Did you know that 98% of the recyclables you bring to Sedona Recycles get turned into new products right here in the US? Explore this section to learn more about recycling and the items we accept: paper, cardboard, expanded polystyrene foamglass, plastic, aluminum, and steel.

Sedona Recycles provides free educational programs for schools, businesses, and other groups. Tours of our facility are also available. Contact us for more information.


MSW 2008


Recycling Facts

  • The United States produces 30% of the world’s solid waste and uses 30% of the world’s resources.
  • The average American produces 4.5 pounds of waste every day.
  • Approximately 90% of municipal solid waste is recyclable or compostable (see graph above).
  • 80% of U.S. products are used once and then thrown away.
  • For every ton of post-consumer waste there are 20 tons of hidden pre-consumer waste, as the manufacturing process makes its way from forest, field, and mine to supermarket shelf.
  • An estimated 94% of the materials extracted for use in manufacturing durable products become waste before the product is even manufactured.
  • Only 6% of minerals and renewable materials extracted each year are embodied in durable goods!
  • Overall, America’s material and energy efficiency is no more than 1 or 2%.
  • 43% of municipal waste, by weight, consists of packaging and containers, or disposable products such as paper or plastic plates, cups, diapers, junk mail, trash bags, tissue paper and towels.
  • In 2008, a total of 83 million tons of waste was recycled or composted, saving 1.3 quadrillion Btu of energy, the equivalent of more than 10.2 billion gallons of gasoline.
  • The recycling and reuse industry consists of approximately 56,000 establishments that employ over 1.1 million people, generate an annual payroll of nearly $37 billion, and gross over $236 billion in annual revenues.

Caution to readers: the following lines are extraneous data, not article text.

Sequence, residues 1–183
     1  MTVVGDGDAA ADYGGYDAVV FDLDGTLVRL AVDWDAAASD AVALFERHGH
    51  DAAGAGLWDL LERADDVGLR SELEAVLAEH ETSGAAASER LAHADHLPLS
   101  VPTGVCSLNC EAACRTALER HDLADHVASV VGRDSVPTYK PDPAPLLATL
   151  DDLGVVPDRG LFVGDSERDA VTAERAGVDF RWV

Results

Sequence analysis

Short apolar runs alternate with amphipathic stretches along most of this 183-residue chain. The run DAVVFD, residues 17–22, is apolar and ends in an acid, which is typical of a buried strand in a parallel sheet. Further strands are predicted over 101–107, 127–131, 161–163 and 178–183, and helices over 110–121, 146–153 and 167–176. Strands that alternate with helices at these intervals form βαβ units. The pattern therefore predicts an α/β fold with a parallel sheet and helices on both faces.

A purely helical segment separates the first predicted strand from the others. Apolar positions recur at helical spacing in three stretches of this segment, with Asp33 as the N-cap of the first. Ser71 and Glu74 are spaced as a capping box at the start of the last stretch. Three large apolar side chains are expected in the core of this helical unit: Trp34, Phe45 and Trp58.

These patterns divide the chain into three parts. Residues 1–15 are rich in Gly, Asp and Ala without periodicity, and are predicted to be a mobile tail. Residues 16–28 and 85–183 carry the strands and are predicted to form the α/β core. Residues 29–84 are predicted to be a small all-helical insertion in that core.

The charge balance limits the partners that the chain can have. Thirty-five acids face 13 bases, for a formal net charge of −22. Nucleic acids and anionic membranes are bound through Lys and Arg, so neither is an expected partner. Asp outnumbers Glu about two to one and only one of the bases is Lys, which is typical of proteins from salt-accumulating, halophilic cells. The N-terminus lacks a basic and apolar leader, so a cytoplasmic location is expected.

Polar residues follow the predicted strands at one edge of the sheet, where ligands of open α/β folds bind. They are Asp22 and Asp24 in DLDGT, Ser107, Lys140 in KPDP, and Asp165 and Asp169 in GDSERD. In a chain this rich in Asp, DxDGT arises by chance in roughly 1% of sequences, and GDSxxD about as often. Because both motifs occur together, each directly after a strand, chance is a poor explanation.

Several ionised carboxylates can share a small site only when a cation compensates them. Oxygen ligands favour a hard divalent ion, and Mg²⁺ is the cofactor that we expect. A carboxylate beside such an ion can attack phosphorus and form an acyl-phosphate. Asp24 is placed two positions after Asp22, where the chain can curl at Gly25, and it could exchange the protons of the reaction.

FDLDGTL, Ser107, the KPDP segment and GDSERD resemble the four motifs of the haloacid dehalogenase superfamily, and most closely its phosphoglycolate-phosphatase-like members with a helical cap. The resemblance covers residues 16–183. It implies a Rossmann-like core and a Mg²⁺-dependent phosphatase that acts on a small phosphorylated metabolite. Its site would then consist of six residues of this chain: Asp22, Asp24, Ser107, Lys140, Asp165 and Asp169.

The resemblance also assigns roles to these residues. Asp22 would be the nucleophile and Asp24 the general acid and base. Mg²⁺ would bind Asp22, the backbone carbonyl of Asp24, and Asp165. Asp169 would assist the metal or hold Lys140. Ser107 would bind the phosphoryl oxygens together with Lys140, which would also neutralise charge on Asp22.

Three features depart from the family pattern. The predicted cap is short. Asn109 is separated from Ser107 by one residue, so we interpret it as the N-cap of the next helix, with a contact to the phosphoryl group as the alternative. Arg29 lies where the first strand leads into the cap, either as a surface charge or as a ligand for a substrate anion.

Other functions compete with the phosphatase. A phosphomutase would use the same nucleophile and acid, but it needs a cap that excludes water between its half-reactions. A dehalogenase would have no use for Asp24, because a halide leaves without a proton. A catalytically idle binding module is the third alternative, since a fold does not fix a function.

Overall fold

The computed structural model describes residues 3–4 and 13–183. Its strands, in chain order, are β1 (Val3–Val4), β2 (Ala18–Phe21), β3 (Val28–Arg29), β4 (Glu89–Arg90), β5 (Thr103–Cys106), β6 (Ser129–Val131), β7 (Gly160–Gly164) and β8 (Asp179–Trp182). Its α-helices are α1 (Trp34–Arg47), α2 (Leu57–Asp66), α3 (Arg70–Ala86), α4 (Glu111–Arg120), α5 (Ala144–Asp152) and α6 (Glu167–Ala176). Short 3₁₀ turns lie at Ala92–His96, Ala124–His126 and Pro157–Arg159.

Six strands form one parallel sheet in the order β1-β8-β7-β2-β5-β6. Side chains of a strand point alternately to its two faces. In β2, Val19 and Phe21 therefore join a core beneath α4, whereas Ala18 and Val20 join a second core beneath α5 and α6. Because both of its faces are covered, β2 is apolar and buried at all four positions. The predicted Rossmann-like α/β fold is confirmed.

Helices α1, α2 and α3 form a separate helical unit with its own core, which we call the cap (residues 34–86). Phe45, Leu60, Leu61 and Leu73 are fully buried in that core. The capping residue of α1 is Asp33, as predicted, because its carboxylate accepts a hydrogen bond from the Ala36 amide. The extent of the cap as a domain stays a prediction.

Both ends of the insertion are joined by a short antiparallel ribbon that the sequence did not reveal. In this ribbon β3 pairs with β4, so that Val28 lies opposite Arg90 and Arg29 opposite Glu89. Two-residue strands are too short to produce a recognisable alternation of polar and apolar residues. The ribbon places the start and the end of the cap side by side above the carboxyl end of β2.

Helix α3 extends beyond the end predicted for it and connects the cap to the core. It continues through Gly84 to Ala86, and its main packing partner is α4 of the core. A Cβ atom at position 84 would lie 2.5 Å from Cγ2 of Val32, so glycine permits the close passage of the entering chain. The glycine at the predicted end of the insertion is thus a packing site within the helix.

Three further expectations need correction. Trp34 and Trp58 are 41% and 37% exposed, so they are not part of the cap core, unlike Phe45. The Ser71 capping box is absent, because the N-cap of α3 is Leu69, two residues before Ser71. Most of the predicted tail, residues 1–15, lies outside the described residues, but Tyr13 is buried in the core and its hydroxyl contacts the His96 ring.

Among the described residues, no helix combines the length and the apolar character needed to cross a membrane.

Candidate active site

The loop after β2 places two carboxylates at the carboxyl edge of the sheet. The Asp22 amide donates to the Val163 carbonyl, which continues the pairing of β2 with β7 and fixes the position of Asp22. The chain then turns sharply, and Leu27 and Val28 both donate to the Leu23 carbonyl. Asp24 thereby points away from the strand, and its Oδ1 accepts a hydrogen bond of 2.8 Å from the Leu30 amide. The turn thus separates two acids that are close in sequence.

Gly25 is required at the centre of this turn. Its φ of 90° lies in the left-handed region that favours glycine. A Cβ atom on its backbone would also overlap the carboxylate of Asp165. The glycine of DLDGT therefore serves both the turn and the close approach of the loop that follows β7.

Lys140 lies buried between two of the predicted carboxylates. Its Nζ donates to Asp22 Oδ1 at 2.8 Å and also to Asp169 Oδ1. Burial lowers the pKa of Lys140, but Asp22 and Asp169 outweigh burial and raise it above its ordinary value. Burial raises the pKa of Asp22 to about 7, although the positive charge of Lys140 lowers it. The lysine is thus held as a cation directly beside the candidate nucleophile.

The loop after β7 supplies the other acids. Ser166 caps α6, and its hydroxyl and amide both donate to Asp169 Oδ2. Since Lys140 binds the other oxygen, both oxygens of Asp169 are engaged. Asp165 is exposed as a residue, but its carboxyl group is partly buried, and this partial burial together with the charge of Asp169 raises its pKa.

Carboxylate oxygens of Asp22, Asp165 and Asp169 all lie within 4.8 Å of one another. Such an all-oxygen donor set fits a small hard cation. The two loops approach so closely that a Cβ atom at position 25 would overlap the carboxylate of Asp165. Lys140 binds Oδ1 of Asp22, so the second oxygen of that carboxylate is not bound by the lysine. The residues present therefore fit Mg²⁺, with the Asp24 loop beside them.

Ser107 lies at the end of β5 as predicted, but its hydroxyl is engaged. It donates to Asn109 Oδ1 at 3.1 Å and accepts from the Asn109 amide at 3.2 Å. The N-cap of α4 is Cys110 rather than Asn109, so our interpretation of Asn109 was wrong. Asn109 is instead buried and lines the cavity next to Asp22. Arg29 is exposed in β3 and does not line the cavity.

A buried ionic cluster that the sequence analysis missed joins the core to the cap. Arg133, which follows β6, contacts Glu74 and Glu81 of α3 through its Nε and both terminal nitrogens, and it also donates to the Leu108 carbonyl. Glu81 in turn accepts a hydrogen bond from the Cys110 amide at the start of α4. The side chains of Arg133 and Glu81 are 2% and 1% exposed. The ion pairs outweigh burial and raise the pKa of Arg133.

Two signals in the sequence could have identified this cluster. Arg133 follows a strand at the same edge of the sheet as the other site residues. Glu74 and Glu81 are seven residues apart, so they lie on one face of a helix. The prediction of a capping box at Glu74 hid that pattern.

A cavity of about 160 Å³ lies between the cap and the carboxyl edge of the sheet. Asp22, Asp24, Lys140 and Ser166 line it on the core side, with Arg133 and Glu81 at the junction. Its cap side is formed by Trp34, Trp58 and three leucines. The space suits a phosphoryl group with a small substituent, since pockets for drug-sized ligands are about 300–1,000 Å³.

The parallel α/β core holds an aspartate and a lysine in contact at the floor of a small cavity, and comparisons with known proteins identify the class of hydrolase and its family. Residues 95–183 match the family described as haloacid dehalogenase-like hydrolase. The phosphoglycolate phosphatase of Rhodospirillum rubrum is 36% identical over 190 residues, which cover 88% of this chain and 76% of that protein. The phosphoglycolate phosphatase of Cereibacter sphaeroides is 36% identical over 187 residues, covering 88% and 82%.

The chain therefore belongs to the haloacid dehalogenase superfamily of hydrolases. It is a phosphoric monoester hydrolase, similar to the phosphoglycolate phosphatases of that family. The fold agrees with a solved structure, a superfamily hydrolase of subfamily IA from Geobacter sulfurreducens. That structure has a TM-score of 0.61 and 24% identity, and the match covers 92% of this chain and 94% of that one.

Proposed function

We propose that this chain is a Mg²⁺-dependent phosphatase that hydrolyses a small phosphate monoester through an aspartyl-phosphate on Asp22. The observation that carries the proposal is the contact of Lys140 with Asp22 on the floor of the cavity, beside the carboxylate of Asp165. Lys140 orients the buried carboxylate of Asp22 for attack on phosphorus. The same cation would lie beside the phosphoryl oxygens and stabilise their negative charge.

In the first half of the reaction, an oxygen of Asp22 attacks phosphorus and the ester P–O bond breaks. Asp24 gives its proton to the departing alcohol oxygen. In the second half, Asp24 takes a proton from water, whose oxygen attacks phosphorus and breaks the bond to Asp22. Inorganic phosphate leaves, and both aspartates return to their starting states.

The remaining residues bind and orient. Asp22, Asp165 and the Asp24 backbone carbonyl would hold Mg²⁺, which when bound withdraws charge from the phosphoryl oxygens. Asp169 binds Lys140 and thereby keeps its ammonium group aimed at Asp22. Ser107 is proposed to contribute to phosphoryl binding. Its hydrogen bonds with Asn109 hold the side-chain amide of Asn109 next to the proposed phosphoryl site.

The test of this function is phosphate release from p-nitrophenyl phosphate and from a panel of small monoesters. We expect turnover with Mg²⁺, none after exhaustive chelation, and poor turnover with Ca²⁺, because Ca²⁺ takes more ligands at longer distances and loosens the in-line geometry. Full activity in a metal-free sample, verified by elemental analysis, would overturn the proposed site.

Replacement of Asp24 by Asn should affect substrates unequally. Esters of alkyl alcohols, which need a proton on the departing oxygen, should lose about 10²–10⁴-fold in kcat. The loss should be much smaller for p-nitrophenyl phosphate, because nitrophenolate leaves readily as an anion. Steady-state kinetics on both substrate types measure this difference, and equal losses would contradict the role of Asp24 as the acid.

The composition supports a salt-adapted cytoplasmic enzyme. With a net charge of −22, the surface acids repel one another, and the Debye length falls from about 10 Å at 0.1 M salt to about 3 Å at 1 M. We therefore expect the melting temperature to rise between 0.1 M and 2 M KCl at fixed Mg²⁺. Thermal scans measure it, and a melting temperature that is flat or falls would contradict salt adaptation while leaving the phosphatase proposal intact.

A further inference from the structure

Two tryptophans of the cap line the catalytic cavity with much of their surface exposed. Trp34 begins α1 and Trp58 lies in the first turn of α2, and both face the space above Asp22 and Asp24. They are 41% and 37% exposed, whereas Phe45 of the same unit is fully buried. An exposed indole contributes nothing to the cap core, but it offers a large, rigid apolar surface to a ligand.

• Total employment in the recycling industry from 1967 to 2000 grew by 8.3% annually while total United States employment during the same period grew by only 2.1% annually.
  • Recycling saves money for manufacturers by reducing energy costs. In 2001, New Jersey’s recycling efforts saved a total of 128 trillion BTU’s of energy, equal to nearly 17.2% of all energy used by industry in the state, with a value of $570 million.
  • The economic value of clean air, water and land is significant, but difficult to quantify. Since recycling plays an important role in protecting these natural resources it must be attributed an economic value in this context, as well.
  • Well-run recycling programs cost less to operate than waste collection, landfilling, and incineration.
  • The more people recycle, the cheaper it gets.
  • For every job collecting recyclables, there are 26 jobs in processing the materials and manufacturing them into new products.
  • Recycling creates four jobs for every one job created in the waste management and disposal industries.